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PostPosted: Fri Nov 14, 2014 9:52 pm 
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Joined: Sun Dec 19, 2010 4:24 am
Posts: 173
Location: Ann Arbor, Michigan
Someone ran over this rear wheel in a crash-- still only a couple of millimeters out of true, and it can hold my weight (180 lbs sprinter), but wondering if it would be possible to repair this to race-able condition? Would be for a lighter rider, around 120 lbs and a climber. I have lots of carbon experience with making stuff from scratch, but I'm only familiar with wet layups and not necessarily with patching stuff.

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My general plan so far:
First step would be to unlace the rim to de-tension it, and sand down the outer layer to bare carbon.
Secondly, try to "bump out" the collapsed portion and sand that like crazy. My idea was to use the spoke holes to put something in there, like a latex bladder, to inflate outwards to give positive pressure. (alternatively, I could just block all of them off except for one and then use the rim as its own bladder!)
I'd then wrap with 3-4 layers of 3k, with a final asthetic layer of uni to finish it off. Sand, clearcoat, decals.

What do you guys think? any advice? Any comments on the feasibility of the above proposed procedures?

Thanks!

Stefano


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Posted: Fri Nov 14, 2014 9:52 pm 


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PostPosted: Sun Nov 16, 2014 4:04 pm 
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Joined: Fri Feb 10, 2012 4:27 pm
Posts: 352
How much is your time worth?
That is a pretty major crack and honestly probably not worth the time. Even if you did manage to do all that you'd still have a very major line of weakness where the crack occured and you'll be risking fatige failure over time. My guess is that you probably have fiber damage or fraying extending beyond the crack. Proper carbon repair is done by cutting out the entire affected section properly. and I dont know how well that section is going to hold tension from the spoke. The wheel is not going to be balanced.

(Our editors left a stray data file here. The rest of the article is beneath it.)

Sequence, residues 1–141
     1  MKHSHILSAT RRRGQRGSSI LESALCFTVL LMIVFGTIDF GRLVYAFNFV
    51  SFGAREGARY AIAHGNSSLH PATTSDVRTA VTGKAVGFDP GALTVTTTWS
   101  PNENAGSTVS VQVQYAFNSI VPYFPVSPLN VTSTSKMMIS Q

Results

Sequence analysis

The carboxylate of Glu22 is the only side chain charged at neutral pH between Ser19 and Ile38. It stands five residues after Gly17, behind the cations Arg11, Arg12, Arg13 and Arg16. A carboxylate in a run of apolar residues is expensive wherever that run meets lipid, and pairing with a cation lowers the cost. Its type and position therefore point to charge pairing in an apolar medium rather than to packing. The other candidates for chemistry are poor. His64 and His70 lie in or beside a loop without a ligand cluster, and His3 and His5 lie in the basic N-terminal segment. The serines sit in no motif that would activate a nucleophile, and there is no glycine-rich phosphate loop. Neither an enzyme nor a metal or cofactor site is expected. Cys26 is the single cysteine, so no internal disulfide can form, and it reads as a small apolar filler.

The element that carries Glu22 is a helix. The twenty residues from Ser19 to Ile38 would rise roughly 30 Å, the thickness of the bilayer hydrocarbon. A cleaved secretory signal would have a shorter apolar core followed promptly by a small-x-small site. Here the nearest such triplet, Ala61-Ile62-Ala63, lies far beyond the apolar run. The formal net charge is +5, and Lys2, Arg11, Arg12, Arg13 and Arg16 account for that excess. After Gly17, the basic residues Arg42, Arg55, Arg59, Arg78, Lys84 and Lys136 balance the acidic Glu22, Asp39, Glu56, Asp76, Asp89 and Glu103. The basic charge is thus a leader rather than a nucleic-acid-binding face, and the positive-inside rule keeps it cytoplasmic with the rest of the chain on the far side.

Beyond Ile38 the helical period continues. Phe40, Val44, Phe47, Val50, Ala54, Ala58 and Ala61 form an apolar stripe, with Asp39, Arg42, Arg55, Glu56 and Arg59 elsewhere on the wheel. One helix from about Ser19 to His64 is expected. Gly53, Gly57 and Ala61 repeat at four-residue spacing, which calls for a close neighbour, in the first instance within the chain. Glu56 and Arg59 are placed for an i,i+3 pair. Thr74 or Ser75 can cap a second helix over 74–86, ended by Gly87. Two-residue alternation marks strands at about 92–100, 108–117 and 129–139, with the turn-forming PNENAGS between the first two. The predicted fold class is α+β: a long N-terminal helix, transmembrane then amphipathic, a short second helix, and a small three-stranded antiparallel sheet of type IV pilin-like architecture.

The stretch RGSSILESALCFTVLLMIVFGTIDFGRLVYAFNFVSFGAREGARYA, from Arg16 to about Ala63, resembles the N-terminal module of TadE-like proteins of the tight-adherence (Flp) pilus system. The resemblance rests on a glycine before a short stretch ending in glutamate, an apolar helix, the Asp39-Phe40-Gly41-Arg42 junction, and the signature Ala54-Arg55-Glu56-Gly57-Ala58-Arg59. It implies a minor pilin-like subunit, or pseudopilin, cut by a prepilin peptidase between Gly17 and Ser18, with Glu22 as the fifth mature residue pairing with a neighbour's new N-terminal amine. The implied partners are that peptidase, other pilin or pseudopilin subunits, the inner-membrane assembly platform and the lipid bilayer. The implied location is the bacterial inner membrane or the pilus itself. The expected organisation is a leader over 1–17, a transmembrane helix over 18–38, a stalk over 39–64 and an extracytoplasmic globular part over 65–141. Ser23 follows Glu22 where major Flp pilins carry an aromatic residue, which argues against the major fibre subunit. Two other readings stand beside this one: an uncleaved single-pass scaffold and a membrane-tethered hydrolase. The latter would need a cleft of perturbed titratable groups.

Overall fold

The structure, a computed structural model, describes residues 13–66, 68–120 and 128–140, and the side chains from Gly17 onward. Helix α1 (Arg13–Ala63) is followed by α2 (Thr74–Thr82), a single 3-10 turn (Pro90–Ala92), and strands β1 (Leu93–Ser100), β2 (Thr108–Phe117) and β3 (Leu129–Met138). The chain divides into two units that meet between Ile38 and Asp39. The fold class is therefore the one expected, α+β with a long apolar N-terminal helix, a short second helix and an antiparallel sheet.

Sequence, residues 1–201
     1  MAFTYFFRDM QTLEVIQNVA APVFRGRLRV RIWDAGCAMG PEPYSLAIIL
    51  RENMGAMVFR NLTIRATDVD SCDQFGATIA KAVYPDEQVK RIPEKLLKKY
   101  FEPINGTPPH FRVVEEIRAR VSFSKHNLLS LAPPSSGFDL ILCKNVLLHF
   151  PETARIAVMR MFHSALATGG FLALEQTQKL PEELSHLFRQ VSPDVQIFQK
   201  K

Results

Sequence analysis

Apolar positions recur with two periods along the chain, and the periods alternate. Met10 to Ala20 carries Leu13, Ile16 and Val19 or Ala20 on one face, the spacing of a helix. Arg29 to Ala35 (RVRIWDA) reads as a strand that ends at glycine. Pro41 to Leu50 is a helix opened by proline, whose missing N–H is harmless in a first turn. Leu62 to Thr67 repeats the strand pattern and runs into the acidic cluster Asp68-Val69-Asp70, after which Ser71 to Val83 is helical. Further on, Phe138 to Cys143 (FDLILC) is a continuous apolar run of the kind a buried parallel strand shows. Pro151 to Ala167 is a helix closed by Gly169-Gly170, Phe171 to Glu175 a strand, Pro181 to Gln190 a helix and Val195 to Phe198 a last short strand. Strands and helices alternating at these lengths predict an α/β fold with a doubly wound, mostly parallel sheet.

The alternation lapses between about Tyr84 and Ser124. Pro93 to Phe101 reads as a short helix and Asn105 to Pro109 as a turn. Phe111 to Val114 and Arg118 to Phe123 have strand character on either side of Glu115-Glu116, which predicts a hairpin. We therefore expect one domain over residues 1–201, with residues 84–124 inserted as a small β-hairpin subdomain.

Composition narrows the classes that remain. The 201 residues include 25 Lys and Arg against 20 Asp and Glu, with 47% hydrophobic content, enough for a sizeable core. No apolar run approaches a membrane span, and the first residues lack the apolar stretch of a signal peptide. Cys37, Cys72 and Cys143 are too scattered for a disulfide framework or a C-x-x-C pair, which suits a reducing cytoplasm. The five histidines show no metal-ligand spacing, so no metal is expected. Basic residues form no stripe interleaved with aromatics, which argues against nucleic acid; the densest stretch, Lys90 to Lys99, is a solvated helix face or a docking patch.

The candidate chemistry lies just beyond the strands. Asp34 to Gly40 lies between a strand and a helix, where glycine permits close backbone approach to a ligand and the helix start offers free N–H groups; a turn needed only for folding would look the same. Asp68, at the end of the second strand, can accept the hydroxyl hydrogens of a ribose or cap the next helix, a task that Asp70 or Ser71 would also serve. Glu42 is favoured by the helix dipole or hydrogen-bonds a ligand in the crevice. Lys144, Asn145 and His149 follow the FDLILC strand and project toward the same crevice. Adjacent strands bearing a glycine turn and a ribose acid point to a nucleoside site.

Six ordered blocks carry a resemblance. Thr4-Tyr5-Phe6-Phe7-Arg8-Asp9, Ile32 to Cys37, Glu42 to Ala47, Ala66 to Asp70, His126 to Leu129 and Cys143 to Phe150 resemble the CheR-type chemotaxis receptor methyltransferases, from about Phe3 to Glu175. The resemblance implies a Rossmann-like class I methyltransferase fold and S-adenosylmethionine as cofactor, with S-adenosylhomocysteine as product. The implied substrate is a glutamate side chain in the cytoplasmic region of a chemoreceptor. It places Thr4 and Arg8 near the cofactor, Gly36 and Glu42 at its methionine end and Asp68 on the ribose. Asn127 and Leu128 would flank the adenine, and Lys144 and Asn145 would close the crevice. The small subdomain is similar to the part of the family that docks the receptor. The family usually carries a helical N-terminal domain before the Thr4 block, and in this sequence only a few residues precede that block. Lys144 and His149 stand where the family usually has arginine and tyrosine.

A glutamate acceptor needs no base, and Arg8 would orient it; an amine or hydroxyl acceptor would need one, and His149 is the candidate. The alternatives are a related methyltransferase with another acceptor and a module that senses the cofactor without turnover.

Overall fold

All in all if youre going to race on a potentially dangerous and sub par rim why race at all.


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PostPosted: Sun Nov 16, 2014 11:08 pm 
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Joined: Sat Dec 13, 2003 2:25 am
Posts: 4516
Location: Canada
Forget your time, what about your head?! If you are proposing to race on it, it is tantamount to negligence to knowingly line-up with substandard equipment. If you want to risk yourself whilst training, I guess that is your look-out, but to risk others is unconcsionable.


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PostPosted: Mon Nov 17, 2014 4:46 pm 
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Joined: Sun Dec 19, 2010 4:24 am
Posts: 173
Location: Ann Arbor, Michigan
Thanks for your responses guys. I would obviously never want to put anyone in danger, I definitely think that this particular rim repair is well within my abilities to repair though. it's not on the brake track, spoke hole is fine, and there are no other damaged parts anywhere on the rim.

I think I might modify my procedure a bit though.. To prevent the crack from propagating, I will cut out the affected segment, make a fiberglass mould of the rim profile off of another part of the rim, then use 4-6 total layers in compression mould.

I'll post pics when done!


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PostPosted: Thu Nov 20, 2014 12:29 pm 
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Joined: Fri Feb 10, 2012 4:27 pm
Posts: 352
still think it's a dumb idea.

you might have CF skills, but How are you going to manage the alu/carbon brake interface? do you have the proper epoxy to glue that together? is this epoxy going to remain unaffected by elevated temperatures at the brake track at high pressures? that carbon segment is not a fairing like HED jets, that is a structural segment. it is going to be taking load, and quite abit of it. if you're going to vut out entire alumnium rim segment, either you've got an aluminium extrusion die at home with plenty of time, or... its a dumb idea.


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